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View Diary: NY Times mea culpa (328 comments)

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  •  Something more (none)
    I have the impression that the newspapers cut back on their copy-editing and fact-checking staff as a way to cut costs.  It is hard to believe that the kind of stuff that has come out of the Times in the past four or five years -- no go all the way back to the Whitewater fiasco -- would have passed the elementary fact-check test.  You pay cheap, you get cheap.
    •  Two different jobs (none)
      Fact checking and copy editing are two different jobs. Copy editors don't review content. In fact, I doubt many daily, or even weekly, newspapers have a specific fact-checking staff. That's more a magazine thing.

      As a rule, Reporters are expected to have good facts, or at least to acknowledge when they couldn't get them (hence the phrase "Mr Smith was unavailable for comment"). Editors are expected to watch for things that are fishy or incomplete. The reporter is expected to follow-up. A paper like the NY Times presumably has several layers of editors that a story needs to go through before publication.
      Most papers it's probably just one person and in some (and in most blogs) it's no one.

      •  Copy editors fact check (none)
        The job requirements vary from publication to publication, but copy editors often fact check. Check out the job postings at copyeditor.com and you will see that many of them seek fact-checking skills.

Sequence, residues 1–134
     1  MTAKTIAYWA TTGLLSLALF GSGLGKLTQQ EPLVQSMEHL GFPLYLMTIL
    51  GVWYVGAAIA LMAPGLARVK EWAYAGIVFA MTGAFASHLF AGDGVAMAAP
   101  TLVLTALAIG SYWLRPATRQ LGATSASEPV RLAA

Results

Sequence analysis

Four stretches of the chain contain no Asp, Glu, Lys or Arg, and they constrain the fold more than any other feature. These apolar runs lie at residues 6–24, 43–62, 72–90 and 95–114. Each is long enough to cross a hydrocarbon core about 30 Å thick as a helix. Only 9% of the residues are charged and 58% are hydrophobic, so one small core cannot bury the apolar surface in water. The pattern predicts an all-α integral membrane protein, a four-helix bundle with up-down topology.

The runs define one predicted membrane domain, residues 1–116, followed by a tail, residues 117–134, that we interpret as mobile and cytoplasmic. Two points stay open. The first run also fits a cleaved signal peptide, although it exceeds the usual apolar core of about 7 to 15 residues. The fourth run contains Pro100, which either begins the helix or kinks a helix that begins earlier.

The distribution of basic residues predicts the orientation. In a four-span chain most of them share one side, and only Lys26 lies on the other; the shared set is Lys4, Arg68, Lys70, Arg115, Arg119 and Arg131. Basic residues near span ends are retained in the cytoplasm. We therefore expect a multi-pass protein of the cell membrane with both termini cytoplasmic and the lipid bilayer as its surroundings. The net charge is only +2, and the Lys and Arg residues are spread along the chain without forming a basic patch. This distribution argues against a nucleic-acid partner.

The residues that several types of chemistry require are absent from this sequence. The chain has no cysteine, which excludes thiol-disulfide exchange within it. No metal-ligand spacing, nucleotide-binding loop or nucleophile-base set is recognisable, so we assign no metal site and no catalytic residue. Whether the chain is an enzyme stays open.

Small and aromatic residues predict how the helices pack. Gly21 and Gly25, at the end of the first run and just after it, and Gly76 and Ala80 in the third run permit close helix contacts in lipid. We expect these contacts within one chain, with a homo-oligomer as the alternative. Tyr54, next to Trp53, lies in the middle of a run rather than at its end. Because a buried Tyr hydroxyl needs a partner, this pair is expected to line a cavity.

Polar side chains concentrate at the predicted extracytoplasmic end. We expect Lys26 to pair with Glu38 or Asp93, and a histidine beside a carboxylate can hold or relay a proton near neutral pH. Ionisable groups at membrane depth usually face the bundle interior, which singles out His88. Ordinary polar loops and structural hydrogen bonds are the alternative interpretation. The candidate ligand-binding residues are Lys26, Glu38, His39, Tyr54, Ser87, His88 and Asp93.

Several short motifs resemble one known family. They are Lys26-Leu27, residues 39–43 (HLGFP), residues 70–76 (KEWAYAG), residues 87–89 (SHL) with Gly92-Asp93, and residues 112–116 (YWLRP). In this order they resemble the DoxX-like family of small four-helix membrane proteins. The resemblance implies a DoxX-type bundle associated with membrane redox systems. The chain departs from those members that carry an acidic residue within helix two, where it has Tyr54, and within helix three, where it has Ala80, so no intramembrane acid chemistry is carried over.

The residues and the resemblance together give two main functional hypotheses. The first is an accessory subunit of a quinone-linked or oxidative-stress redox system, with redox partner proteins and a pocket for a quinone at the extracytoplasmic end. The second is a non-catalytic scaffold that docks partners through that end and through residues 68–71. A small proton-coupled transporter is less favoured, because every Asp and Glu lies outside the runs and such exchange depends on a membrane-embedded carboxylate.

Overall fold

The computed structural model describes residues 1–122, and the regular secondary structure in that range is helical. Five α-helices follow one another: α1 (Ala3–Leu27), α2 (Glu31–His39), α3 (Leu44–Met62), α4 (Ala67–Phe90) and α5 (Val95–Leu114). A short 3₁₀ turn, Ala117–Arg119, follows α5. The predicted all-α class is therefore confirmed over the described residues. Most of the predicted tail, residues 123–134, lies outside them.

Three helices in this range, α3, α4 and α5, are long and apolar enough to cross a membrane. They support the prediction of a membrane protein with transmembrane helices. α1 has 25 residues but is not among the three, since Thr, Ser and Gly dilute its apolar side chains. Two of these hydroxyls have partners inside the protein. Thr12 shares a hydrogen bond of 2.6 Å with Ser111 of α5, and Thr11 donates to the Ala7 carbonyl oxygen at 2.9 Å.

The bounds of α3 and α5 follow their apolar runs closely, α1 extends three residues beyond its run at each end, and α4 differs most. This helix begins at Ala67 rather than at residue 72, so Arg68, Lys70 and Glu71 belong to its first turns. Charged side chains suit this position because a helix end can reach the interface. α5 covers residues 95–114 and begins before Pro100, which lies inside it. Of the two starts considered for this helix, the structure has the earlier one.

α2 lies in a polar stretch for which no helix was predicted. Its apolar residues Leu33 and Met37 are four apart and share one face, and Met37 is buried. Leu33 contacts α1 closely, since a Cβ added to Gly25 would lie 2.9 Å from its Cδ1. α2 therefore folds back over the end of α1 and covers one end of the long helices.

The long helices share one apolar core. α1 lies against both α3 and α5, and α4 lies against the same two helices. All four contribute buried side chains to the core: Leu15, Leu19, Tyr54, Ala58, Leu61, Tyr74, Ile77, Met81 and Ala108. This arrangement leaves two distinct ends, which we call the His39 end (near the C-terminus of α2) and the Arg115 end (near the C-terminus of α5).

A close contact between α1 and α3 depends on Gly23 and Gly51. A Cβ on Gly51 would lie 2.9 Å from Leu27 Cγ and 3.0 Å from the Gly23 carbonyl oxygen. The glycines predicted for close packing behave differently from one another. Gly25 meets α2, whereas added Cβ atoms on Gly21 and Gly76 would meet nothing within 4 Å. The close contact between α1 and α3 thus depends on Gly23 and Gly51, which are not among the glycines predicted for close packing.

I believe that typically it would be primarily a news editor's job to worry about "balance," whether a reporter is being snowed by an Iraqi con man, etc. If the Iraqi con man exists and said what he the reporter reported, that is a checked fact; it would be up to the news editors to decide whether the reporter acted appropriately in relying on the guy.

        •  Thanks! (none)
          First off thanks for the link!! I'm looking for work.

          As an editor, and often a copy editor, I've always been taught that copy editing is a distinct task, centered around checking for spelling, punctuation, and grammar. Worrying about content gets in the way.

          I suppose there can be a more expansive definition, but from my experience, editing for style and content is a separate task from copy editing.

          •  I don't see (none)
            how a copy editor can check for spelling, punctuation, or grammar without taking content into account (and I mean reading for style and comprehension, not fact-checking) because those three things affect the way information is delivered. If any one of them is off, meanings can change.

            I work in academic publishing and we've run into this as a problem (freelancers making sure the acronyms are spelled out while they ignore the fact that sentences are not comprehensible).

            These days, tech editors are a complete luxury, unfortunately, so my $12 an hour job encompasses reading for meaning and checking the copyeditors. (!) I often fact-check too, because my name is on the masthead and I don't want us looking like idiots. ;-)

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